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Those living in the Washington, D.C. area in the '80s circa the Iran-Contra scandal might remember the bold graphic poster emblazoned with "Meese Is A Pig" popping up around the city. They were hard to miss for commuters and locals alike. The posters appeared overnight and were visible on various public spaces. The graphics were clearly aimed at Reagan cabinet member and advisor Edwin Meese who was enmeshed in Iran/Contra and also the champion of various far-right causes in the administration. The poster campaign got national attention. Soon, the poster's creator, Jeff Nelson (of Dischord Records and Minor Threat fame) was revealed. With respect to Nelson's album sleeve and logo designs (among our favorites ever!), his "Meese Is A Pig" poster remains his masterpiece. Nelson sold T-shirts with the image, which covered his printing costs and the graphics lived on long after the street campaign was over. With Edwin Meese back in the news as the backer a government shutdown and national anti-Obamacare efforts, we're pleased to see "Meese Is A Pig" getting its due.

Read TNR's interview with Nelson and history of "Meese Is A Pig."

For the print and digital campaign promoting this year's collecton at the Galería Mexicana de Diseño in Mexico City, designer Tania Alvarez Zaldivar recreated the show's chairs, towels, and lights as all-white laser-cut renderings. Alvarez photographed the laser-cut models against white and black backgrounds and chose a bold sans serif typeface for the copy. Highlights from the collection include chairs from the designers at BD Barcelona and Hay, and lighting design from Mattias Stahlbom at Muuto. For comparison, photos of the original items are on the museum's site.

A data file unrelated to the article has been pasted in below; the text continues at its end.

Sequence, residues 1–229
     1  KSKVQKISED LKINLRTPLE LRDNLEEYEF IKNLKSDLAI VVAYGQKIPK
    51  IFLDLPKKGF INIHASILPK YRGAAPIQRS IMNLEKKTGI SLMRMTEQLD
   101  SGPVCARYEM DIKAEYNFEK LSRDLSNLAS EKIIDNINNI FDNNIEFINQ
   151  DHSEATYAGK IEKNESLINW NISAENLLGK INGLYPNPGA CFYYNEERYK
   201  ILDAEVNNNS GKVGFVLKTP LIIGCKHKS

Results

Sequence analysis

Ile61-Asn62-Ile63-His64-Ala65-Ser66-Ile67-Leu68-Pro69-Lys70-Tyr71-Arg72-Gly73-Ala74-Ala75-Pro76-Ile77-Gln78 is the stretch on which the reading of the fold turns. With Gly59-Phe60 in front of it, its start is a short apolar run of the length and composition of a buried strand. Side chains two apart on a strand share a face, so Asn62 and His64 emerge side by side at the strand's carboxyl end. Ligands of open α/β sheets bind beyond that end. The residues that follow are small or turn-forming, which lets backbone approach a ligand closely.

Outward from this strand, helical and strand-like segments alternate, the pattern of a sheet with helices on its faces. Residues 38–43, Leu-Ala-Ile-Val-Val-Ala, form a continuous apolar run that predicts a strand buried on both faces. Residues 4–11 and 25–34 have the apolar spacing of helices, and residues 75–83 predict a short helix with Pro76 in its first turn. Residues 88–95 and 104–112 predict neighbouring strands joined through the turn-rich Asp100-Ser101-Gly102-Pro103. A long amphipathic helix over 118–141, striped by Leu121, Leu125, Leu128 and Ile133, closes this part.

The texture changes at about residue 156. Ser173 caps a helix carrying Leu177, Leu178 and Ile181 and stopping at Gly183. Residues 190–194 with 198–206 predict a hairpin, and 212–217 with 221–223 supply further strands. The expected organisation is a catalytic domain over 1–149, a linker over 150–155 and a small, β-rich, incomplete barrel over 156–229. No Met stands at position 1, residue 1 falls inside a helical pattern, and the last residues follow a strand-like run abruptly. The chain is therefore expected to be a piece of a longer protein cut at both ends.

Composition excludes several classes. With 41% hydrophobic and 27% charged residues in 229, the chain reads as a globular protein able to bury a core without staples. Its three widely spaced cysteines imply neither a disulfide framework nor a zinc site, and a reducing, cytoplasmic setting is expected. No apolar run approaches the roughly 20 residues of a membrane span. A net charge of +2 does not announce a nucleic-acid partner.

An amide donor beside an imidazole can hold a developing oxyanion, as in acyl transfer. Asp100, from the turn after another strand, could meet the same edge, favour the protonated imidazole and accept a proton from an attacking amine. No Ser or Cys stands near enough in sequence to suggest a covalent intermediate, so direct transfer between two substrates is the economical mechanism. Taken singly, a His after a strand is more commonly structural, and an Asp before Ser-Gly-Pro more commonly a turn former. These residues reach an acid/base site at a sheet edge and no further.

Find more projects from Tania Alvarez Zalidivar on Behance.

The closest impact crater to designer Nicholas Weltyk's studio at Pratt Institute in Brooklyn is an unconfirmed indent a few hours upstate at a site called Panther Mountain. That crater, however, was too small to make it into Weltyk's die-cut poster series documenting the world's three largest impact craters. To create the images of sites in Mexico, Canada, and South America, Weltyk hand drew about 30 die-cut patterns, which he used to cut and layer museum board for depth. For cartography diehards, each poster has a section of footnotes with topographical and geographical details.

Find more work from Nicholas Weltyk on Behance.

In the UK, wheatpasting posters in public spaces is often referred to as wild posting or flyposting. In the Manchester, UK project No Fly Posters, Jon Bland invites designers to produce unthemed posters for wheatpasting on the boarded windows of an abandoned building in the Ancoats area of the city. Seven posters in quad format by seven creatives are displayed in seven windows, each stating "No Fly Posters," a common admonition seen in urban spaces. Round 5 has gone up recently featuring designs by Dr. Me, James Joyce, Pascal Anson, Wim Crouwel, Atlas, Zoran Lucić and others. There are two more rounds yet to go up.